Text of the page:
Bill Donohue stands by his man

It has never seemed the best hill to die on, but apparently Catholic League president Bill Donohue doesn’t know how to quit defending Bishop Robert Finn, who wasfound guilty this week of one misdemeanor count of failing to report suspected child abuse. (Be sure to read David Gibson’s post on the devastating Times story.) Back in November, Donohue declared that Finn was “an innocent man,” and flew all the way to Kansas City just to show how much he meant it. 

“In an ideal world,” Donohue claimed, “there would have been no charges whatsoever: there was no complainant and no violation of law.” Yes, and in an ideal world, when a U.S. bishop learns — nearly a decade after the 2002 wave of scandals broke — that one of his priests has crotch shots of kids on his computer, after having learned about a detailed letter of complaint about the guy from a Catholic school principal, the bishop would report the priest to the proper authorities, in accordance with civil and canon law. But that’s not the world Bishop Finn was living in. So now he stands convicted of failing to report suspected child abuse. In other words, Finn is not an innocent man. That’s why he issued a statement — both through his lawyer (.doc) and on his own behalf (.doc) — that contains apologetic-sounding words arranged in a way that avoids actually accepting responsibility for his failure to report the pornographer priest Ratigan. (Do yourself a favor and read Mark Silk on that and more here.)

You’d think Finn’s conviction would be enough to force Donohue back from the ledge, or at least show a measure of contrition. But no. He’s going all the way over. In his latest pronouncement, magisterially titled “Assessing Bishop Finn’s Guilt,” Donohue purports to bust some myths about the Finn case. Instead, he perpetrates some myth-making of his own. Let’s have a look. Donohue:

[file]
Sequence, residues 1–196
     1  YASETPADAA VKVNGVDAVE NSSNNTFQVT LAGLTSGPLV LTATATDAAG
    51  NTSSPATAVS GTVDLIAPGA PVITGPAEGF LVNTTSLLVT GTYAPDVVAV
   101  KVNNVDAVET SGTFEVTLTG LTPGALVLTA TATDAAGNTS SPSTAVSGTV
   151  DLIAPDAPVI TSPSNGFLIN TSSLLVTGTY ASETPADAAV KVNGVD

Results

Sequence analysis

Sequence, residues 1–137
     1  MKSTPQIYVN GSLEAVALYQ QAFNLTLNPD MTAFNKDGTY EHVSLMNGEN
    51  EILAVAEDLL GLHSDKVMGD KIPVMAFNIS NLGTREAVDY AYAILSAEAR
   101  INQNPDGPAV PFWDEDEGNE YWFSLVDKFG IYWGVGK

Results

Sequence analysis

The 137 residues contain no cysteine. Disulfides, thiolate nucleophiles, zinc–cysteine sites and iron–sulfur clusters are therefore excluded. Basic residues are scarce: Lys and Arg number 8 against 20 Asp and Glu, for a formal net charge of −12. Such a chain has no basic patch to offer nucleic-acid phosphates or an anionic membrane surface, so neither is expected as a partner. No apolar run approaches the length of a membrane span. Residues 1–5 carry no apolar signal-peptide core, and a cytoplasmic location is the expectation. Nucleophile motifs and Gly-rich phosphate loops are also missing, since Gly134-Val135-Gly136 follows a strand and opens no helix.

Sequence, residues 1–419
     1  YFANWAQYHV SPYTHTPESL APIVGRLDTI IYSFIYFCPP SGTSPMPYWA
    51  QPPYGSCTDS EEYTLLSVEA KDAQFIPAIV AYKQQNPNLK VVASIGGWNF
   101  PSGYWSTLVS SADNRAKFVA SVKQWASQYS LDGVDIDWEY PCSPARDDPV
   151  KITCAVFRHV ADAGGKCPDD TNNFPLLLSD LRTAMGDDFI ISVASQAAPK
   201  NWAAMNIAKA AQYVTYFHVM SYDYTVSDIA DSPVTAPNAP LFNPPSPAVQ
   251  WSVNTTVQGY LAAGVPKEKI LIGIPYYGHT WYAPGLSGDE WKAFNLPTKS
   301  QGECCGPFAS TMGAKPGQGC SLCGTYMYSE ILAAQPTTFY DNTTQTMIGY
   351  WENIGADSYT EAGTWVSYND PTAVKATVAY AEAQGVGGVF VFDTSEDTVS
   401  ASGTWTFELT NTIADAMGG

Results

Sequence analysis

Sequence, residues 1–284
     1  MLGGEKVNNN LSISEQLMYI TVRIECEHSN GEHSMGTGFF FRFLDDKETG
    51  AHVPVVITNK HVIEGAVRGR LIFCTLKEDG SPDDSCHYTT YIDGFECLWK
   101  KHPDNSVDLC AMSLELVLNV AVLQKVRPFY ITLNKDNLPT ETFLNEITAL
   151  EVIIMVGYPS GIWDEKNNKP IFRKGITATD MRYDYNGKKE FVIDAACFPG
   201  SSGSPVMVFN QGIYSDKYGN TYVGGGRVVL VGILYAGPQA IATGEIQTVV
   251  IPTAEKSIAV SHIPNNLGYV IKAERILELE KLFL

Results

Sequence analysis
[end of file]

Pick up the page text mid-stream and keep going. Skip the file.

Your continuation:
Bishop Finn was not found guilty of a felony: he was found guilty of one misdemeanor, and innocent of another. The case did not involve child sexual abuse—no child was ever abused, or touched, in any way by Father Shawn Ratigan. Nor did this case involve child pornography.

True, Finn was not convicted of a felony. He was convicted of a misdemeanor because he failed to call the police when he had reason to suspect Fr. Shawn Ratigan of being a threat to children.

But Donohue is out to lunch when he claims that “the case did not involve child abuse.” In 2010, Pope Benedict XVI amended church norms to define sexual abuse as including “the acquisition, possession, or distribution by a cleric of pornographic images of minors under the age of fourteen, for purposes of sexual gratification, by whatever means or using whatever technology.” (Canon law considers children under fourteen to be prepubescent.) Donohue may not think Ratigan’s photos of children are pornographic, but the law does.

You know who else does? Shawn Ratigan. In August, he pleaded gui...


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